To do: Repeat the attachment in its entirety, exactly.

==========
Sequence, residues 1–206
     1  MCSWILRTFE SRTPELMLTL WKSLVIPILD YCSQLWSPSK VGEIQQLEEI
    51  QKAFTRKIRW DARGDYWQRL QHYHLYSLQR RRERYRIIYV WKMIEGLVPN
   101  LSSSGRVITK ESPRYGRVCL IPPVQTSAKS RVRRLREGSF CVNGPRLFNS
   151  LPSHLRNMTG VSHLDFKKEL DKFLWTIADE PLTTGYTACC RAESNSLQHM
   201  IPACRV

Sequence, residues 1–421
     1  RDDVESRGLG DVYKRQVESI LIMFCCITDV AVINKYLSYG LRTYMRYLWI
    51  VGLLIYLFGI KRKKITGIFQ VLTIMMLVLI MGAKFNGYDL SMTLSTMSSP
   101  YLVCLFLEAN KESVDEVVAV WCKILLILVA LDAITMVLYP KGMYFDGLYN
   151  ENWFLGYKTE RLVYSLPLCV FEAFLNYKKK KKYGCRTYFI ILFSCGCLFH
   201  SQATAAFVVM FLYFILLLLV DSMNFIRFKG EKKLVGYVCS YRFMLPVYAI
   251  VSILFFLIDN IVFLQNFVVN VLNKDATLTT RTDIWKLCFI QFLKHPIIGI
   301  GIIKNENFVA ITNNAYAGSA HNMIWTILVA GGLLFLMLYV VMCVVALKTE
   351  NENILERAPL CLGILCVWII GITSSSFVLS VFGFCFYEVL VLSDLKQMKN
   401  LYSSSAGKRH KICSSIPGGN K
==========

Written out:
Sequence, residues 1–206
     1  MCSWILRTFE SRTPELMLTL WKSLVIPILD YCSQLWSPSK VGEIQQLEEI
    51  QKAFTRKIRW DARGDYWQRL QHYHLYSLQR RRERYRIIYV WKMIEGLVPN
   101  LSSSGRVITK ESPRYGRVCL IPPVQTSAKS RVRRLREGSF CVNGPRLFNS
   151  LPSHLRNMTG VSHLDFKKEL DKFLWTIADE PLTTGYTACC RAESNSLQHM
   201  IPACRV

Sequence, residues 1–421
     1  RDDVESRGLG DVYKRQVESI LIMFCCITDV AVINKYLSYG LRTYMRYLWI
    51  VGLLIYLFGI KRKKITGIFQ VLTIMMLVLI MGAKFNGYDL SMTLSTMSSP
   101  YLVCLFLEAN KESVDEVVAV WCKILLILVA LDAITMVLYP KGMYFDGLYN
   151  ENWFLGYKTE RLVYSLPLCV FEAFLNYKKK KKYGCRTYFI ILFSCGCLFH
   201  SQATAAFVVM FLYFILLLLV DSMNFIRFKG EKKLVGYVCS YRFMLPVYAI
   251  VSILFFLIDN IVFLQNFVVN VLNKDATLTT RTDIWKLCFI QFLKHPIIGI
   301  GIIKNENFVA ITNNAYAGSA HNMIWTILVA GGLLFLMLYV VMCVVALKTE
   351  NENILERAPL CLGILCVWII GITSSSFVLS VFGFCFYEVL VLSDLKQMKN
   401  LYSSSAGKRH KICSSIPGGN K